Author Topic: Indian Pacific Wheel Race.  (Read 29124 times)

mattc

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Re: Indian Pacific Wheel Race.
« Reply #275 on: February 07, 2018, 03:11:24 pm »
RAAM tried an option one year where Solo racers had a minimum mandatory time off the bike each day. It wasn't repeated.
I recall reading about this a few years ago - info was a bit scant, but the reversal seemed to come down to the riders that needed less sleep not liking the rule.

There are clearly practical issues to iron out - as detailed in qg's post above. But I'd say almost all of them go away in RAAM, or any event with follow vehicles (such rules work for long-distance goods drivers).

An event with organised stop stations would also find it much easier.

[A little OT: many ultra-runs enforce a MAX break time at feed stations! I think the logic is that tired muscles seize up if you stay still for long... ]
Has never ridden RAAM
---------
No.11  Because of the great host of those who dislike the least appearance of "swank " when they travel the roads and lanes. - From Kuklos' 39 Articles

Re: Indian Pacific Wheel Race.
« Reply #276 on: February 11, 2018, 06:59:12 pm »
TAW has introduced mandatory rest stops for this year, from https://www.transatlanticway.com/rules/
Quote
two new rules for 2018

11. All riders must take a mandatory continuous 3 hour stop in every 24 hour period. Excluding the first 24hr and last 24hrs of your race.

12. All riders need to light up like Christmas trees during darkness hours. and display some form of hi-vi during the day and reflective gear at night ( helmets, tape, bags, jerseys, bands, vests, flags, anything at all that improves your chances of being seen. make an effort.)

Will be interesting to see how that works out, but obviously the terrain is somewhat different to IPWR with more opportunities for shelter and fewer dingos.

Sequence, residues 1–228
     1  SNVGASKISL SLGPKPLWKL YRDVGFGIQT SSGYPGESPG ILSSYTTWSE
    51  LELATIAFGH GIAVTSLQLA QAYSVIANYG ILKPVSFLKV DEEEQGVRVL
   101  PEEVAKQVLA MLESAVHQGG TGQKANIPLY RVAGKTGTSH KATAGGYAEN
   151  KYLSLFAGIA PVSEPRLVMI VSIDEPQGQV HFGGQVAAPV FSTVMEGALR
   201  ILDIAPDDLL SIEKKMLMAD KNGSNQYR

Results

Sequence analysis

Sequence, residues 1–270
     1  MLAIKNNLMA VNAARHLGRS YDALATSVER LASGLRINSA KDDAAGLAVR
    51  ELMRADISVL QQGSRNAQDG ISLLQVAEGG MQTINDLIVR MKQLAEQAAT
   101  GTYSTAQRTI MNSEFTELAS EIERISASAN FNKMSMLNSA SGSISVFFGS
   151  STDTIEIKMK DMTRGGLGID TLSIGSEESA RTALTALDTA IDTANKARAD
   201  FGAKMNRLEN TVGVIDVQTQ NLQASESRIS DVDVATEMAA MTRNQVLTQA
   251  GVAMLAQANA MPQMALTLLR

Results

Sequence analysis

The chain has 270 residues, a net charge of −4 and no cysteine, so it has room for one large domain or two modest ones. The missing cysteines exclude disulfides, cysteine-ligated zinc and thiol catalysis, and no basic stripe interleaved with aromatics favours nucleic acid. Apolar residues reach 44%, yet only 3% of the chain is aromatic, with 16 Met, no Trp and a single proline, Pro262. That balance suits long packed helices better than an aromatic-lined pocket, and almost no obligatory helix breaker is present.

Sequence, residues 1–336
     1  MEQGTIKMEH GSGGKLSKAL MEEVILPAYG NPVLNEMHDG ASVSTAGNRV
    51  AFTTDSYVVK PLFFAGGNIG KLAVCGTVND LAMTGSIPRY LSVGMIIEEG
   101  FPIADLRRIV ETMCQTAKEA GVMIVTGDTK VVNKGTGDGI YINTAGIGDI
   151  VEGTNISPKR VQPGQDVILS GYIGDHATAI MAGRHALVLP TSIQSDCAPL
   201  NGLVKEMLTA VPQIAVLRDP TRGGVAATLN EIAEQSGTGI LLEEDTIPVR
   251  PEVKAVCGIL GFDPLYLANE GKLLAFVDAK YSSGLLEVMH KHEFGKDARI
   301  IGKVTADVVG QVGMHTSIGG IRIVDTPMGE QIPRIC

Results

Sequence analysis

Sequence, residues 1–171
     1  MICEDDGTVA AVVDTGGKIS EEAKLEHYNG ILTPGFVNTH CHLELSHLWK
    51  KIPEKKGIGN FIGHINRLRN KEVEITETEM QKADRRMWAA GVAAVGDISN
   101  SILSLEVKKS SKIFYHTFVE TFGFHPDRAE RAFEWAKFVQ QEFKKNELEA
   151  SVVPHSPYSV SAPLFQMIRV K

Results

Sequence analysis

“That slope may look insignificant, but it's going to be my destiny" - Fitzcarraldo

Karla

  • car(e) free
    • Lost Byway - around the world by bike
Re: Indian Pacific Wheel Race.
« Reply #277 on: February 11, 2018, 07:10:41 pm »
That second rule makes me want to cry.  Just how ambiguous and nonspecific can you get?!

LittleWheelsandBig

  • Whimsy Rider
Wheel meet again, don't know where, don't know when...

quixoticgeek

  • Mostly Harmless
Re: Indian Pacific Wheel Race.
« Reply #279 on: February 11, 2018, 07:49:16 pm »
That second rule makes me want to cry.  Just how ambiguous and nonspecific can you get?!

I know right... My Christmas tree had no lights this year... If you're going to have a rule, be specific and direct. No ambiguity...

J
--
Beer, bikes, and backpacking
http://b.42q.eu/

Re: Indian Pacific Wheel Race.
« Reply #280 on: February 12, 2018, 01:12:04 pm »
Adrian means well but his rules are not thought through and amount to victim blaming. They implicitly agree with the view that riders in other events have been hit by cars because they were too tired and/or inadequately lit. There's no evidence whatsoever for either. But accepting those arguments takes the responsibility off the drivers.

quixoticgeek

  • Mostly Harmless
Re: Indian Pacific Wheel Race.
« Reply #281 on: February 12, 2018, 01:22:15 pm »
Adrian means well but his rules are not thought through and amount to victim blaming. They implicitly agree with the view that riders in other events have been hit by cars because they were too tired and/or inadequately lit. There's no evidence whatsoever for either. But accepting those arguments takes the responsibility off the drivers.

Exceedingly well put.

Given that a rider legally only has to have front/rear lights, front/rear reflectors, and pedal reflectors. And a driver should be over taking giving reasonable clearance (≥1.5m), there is no way that this should be the fault of the rider. No matter how tired and spaced out a rider is. If a driver can't see a rider in these conditions, then the driver is either going to fast, not paying enough attention, or needs their vision checked.

I object to the victim blaming nature of race rules that mandate specific lighting arrangements. It's as if the solution to gun violence was to mandate everyone wears a bullet proof vest.

I've entered an ultra race that has very similar (almost cut and paste) rules on lighting to those of the IPWR, even tho they technically contravene local traffic law for the country the race is in. I don't like the rules, but I want to do the race, so I'll play by the letter of them, have the rear of the bike in christmas tree mode, and be done with it, but I'm not exactly eager to do so and will remove all the excess bits after the race is over.